Building Operating Management

Considerations for Successful Hands-Free Door Implementation



The pandemic has made touchless building equipment a must. Here are some tips and advice on the best way to implement hands-free doors and door hardware systems.


By Derwin Broughton   Doors & Hardware

OTHER PARTS OF THIS ARTICLEPt. 1: This PagePt. 2: Strategies to Go Touch-Free with Interior Doors
North County ClinicPrimary entrances provide the most benefit from automatic door investments.Photo courtesy of SSM Health

We have all been in a situation where there was a door we absolutely did not want to touch. And now, the COVID-19 pandemic has made us acutely sensitive to the spread of germs and disease. Building owners are taking a holistic view of their existing facilities and adapting them in response to the spread of infectious diseases. Hands-free hardware has been a subject of discussion for building adaptation. Solutions range from no-tech retrofits to high-tech building-automated access systems.

Several factors should be taken into consideration when evaluating upgrades and retrofits of doorways. The type of facility and use plays an important role in hardware and infrastructure selection. What level of traffic flow will the entryway accommodate over a 24-hour period? Will maintenance staff be equipped to sustain the changes, and how do the proposed solutions integrate into the overall keying and access control system? These are just a few of a whole list of questions that must be posed to provide the appropriate solution.

Primary entrances

How do facility managers determine which openings provide the greatest benefit for conversion to hands-free operations? First thoughts lead to the primary building entrance. In the past few months, there has been an uptick in the installation of automatic doors, both swinging and sliding. The location and use are dictated by the surrounding parameters and elements. Is the opening width sufficient to integrate an automatic sliding door? Building egress requirements should be carefully considered to prevent reducing the width required for occupants to exit the building in the event of an emergency.


Sliding doors have a few limitations that facility managers should keep in mind. They can be knocked off their tracks when someone inadvertently hits them with a cart or dolly, rendering the door inoperable until trained personnel properly reset the door position. Exposure to wind can have a negative impact on some specific automatic sliding doors. Traffic patterns running parallel to the automatic door sensors should also be noted and considered. The operator may inadvertently be engaged as traffic passes by parallel to the opening, leading to building heating and cooling loss.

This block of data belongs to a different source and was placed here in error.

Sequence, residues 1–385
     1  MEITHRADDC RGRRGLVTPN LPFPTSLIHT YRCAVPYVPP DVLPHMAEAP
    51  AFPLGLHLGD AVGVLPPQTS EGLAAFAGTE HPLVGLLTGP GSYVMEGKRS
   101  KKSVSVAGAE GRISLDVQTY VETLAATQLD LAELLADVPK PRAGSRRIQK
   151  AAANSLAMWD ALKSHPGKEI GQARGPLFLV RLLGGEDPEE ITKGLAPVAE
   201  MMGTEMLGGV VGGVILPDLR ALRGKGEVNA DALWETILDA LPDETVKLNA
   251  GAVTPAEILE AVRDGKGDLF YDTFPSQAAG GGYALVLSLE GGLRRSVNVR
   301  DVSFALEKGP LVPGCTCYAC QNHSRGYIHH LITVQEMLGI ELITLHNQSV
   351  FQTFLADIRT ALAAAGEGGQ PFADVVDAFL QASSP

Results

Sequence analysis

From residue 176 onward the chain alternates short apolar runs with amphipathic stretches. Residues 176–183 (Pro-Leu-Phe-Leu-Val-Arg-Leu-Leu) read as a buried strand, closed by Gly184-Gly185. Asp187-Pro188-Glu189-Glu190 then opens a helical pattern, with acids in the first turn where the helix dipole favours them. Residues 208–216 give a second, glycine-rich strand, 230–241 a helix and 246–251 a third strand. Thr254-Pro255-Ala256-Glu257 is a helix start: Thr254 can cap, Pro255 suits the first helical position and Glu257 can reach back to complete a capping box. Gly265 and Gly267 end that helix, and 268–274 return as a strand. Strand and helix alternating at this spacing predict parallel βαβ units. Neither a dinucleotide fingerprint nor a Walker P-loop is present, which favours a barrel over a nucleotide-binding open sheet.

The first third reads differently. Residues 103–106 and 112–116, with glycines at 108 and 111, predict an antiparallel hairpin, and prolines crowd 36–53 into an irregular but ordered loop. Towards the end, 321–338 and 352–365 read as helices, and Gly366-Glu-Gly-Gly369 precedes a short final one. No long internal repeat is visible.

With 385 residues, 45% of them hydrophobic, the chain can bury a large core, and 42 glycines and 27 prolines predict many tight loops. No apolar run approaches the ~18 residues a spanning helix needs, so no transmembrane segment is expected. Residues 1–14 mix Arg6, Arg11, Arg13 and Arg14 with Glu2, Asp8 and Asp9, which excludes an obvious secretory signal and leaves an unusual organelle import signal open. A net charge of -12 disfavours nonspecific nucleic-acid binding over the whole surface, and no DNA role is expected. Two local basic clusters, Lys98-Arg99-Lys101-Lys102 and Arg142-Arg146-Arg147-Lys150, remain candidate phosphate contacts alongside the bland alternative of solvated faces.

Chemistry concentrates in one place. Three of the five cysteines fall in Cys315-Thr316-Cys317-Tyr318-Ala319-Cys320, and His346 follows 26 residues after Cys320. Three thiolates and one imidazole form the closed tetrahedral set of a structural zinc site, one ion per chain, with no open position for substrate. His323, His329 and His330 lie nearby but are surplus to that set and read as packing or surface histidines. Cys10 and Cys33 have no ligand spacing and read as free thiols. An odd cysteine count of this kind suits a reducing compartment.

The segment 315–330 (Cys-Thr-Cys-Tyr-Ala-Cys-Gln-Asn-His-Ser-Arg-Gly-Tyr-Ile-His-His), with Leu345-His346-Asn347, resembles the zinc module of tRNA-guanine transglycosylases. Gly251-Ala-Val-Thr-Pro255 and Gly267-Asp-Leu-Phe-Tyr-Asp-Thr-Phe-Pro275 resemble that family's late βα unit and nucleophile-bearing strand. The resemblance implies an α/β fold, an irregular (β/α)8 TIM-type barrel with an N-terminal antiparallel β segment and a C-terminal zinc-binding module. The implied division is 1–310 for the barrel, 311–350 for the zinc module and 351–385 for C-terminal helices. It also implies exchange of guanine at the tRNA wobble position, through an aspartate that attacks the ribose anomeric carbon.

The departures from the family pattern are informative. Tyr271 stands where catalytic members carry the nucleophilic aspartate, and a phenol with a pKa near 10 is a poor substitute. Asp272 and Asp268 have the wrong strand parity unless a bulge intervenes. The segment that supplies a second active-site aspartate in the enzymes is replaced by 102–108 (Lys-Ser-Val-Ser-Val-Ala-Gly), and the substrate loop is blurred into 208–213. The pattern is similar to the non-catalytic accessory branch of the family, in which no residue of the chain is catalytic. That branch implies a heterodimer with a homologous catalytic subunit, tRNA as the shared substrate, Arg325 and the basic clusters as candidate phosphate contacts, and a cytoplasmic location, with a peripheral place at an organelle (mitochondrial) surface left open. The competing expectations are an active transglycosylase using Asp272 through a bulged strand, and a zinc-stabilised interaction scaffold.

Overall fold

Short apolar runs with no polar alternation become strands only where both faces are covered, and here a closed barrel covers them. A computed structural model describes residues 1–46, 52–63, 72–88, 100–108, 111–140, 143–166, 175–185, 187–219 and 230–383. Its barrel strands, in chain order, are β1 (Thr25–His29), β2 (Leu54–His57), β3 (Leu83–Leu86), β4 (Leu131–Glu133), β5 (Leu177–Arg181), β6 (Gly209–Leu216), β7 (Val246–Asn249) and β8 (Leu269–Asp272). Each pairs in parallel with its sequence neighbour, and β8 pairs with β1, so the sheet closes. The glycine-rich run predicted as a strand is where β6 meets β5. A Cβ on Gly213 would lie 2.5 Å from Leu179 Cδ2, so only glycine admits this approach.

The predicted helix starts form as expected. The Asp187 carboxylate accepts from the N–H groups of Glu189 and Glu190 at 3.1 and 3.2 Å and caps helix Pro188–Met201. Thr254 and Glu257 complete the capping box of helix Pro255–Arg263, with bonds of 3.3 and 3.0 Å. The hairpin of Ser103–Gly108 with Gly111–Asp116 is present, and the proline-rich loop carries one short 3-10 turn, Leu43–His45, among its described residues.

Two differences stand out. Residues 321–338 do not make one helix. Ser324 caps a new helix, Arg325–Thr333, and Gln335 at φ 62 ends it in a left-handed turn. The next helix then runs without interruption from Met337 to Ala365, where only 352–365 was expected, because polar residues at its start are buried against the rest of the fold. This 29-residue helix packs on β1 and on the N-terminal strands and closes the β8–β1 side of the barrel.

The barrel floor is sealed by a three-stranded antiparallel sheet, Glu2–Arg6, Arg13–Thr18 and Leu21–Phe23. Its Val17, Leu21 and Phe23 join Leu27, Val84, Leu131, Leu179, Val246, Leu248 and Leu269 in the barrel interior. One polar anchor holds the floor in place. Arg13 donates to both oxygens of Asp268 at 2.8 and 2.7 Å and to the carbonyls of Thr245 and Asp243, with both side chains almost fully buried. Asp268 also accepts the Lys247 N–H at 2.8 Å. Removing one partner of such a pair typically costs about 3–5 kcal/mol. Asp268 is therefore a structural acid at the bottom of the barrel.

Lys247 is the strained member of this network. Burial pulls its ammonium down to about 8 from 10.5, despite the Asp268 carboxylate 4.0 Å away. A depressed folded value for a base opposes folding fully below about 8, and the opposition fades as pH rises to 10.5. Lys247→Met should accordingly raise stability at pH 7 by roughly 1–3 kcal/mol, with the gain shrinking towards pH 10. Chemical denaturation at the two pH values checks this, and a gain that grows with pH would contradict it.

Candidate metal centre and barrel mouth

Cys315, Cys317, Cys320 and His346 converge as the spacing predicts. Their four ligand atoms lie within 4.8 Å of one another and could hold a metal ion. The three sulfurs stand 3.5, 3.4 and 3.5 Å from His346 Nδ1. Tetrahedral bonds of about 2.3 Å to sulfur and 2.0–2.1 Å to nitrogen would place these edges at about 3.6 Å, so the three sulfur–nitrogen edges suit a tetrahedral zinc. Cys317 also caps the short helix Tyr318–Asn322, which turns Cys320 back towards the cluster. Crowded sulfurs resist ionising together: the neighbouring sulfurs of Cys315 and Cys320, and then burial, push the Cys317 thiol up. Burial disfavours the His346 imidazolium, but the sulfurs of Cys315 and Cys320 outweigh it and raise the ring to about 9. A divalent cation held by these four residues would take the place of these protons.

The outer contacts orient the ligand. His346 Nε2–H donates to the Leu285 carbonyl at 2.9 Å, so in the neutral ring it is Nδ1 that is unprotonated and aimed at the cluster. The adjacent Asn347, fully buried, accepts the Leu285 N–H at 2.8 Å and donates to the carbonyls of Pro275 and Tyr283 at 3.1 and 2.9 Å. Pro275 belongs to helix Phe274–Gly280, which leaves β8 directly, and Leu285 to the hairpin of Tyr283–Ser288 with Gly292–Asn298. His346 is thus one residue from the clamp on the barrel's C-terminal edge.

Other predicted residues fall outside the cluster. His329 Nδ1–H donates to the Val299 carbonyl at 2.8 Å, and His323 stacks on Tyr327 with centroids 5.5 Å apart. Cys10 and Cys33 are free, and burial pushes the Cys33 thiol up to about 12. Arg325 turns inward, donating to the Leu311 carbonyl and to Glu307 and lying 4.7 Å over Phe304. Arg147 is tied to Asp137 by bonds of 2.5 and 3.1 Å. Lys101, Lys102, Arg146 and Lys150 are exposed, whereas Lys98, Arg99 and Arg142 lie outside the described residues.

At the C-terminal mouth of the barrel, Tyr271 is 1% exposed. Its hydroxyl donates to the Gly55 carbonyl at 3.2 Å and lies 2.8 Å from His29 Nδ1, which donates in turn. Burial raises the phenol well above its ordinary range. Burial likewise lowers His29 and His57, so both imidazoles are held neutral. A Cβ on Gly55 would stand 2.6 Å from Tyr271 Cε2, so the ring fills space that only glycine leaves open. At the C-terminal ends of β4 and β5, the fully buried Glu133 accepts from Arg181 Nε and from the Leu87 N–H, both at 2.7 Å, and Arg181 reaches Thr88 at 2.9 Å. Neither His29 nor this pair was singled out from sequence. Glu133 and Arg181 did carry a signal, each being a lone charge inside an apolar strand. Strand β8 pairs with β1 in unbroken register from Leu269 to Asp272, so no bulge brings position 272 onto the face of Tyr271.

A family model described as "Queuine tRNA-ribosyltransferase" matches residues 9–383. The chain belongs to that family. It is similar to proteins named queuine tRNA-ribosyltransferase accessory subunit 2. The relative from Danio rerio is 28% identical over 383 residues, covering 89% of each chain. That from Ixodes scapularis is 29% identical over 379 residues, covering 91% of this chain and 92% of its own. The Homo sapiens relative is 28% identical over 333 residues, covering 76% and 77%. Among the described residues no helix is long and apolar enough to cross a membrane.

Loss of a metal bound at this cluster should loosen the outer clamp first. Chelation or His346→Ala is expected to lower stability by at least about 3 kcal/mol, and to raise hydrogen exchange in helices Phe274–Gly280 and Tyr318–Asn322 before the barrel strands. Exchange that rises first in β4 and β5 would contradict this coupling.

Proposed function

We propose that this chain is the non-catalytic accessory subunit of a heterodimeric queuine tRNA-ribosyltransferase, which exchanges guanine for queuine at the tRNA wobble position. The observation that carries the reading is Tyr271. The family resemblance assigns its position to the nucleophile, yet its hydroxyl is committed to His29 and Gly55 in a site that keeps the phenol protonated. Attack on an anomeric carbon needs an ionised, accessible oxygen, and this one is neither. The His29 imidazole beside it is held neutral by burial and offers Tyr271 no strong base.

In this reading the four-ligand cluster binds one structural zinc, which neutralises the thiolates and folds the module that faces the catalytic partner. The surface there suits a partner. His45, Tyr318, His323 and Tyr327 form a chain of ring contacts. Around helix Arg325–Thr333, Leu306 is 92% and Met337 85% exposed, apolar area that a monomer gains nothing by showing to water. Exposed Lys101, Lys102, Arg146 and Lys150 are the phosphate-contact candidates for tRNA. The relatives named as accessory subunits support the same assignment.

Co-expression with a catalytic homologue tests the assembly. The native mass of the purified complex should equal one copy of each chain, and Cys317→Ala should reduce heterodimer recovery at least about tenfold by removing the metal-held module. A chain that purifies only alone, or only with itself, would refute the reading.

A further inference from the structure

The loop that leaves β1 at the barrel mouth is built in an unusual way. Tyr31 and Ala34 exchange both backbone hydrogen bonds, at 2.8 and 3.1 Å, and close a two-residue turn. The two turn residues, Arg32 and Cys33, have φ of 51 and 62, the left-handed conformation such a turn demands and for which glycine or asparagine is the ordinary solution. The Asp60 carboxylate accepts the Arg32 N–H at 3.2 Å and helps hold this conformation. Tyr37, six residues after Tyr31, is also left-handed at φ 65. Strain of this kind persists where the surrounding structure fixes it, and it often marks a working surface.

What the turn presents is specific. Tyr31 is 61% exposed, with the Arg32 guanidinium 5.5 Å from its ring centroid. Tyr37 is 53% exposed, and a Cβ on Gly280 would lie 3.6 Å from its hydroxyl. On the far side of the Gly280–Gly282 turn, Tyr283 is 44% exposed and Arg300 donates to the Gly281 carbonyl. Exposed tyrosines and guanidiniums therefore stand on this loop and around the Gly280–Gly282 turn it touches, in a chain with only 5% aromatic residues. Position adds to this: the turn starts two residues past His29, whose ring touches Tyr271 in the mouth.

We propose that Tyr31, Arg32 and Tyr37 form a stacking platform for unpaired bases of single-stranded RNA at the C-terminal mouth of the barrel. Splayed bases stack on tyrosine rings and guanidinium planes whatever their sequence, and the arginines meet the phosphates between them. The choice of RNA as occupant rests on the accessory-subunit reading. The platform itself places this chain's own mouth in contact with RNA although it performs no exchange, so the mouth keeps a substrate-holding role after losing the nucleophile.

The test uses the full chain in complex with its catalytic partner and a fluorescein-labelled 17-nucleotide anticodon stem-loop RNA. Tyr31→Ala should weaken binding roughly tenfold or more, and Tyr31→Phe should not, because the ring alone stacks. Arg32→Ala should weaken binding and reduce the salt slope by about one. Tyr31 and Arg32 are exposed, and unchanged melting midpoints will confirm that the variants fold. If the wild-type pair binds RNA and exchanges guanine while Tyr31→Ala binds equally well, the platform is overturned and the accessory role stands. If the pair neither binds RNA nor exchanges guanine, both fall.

In contrast, all automatic swing-door operators are not created equal. The number of opening and closing cycles a door will be subjected to informs the type and grade of operator required. As with standard door operators, automatic door operators can be subjected to building pressurization impacting doors from closing and locking properly.

Also, the operator must not exceed accessibility standard thresholds for door opening force. Accessibility requirements also dictate the rate of speed at which the automatic operator should close to allow disabled patrons to clear the opening before the door starts to close. 

In retrofit applications, providing power to these building components can be tricky. Aesthetics play a big role in routing power, conduit, and control cabling. Most storefront and curtainwall manufacturers will allow for cabling to be routed through their systems; however, this should be confirmed if making alterations to an existing storefront or risk voiding the manufacturers’ warranties on recent installations.

Remote buttons or actuators are often required to engage these systems. They may require saw cutting concrete and removing finishes at primary entrances to introduce a hands-free option. Special care and planning must be placed in addressing the work after installation has been completed. And to truly move towards a hands-free operation, the industry is making strides to transition from push buttons to hand “wave-to-open” touchless sensors.

Other items to be considered on these applications are the full integration of access control systems and if door position switches are part of the operator or part of a separate component that must be added to remotely monitor the status of the opening. 


Continue Reading: Doors / Door Hardware

Considerations for Successful Hands-Free Door Implementation

Strategies to Go Touch-Free with Interior Doors



Contact FacilitiesNet Editorial Staff »

  posted on 12/9/2020   Article Use Policy




Related Topics:


Comments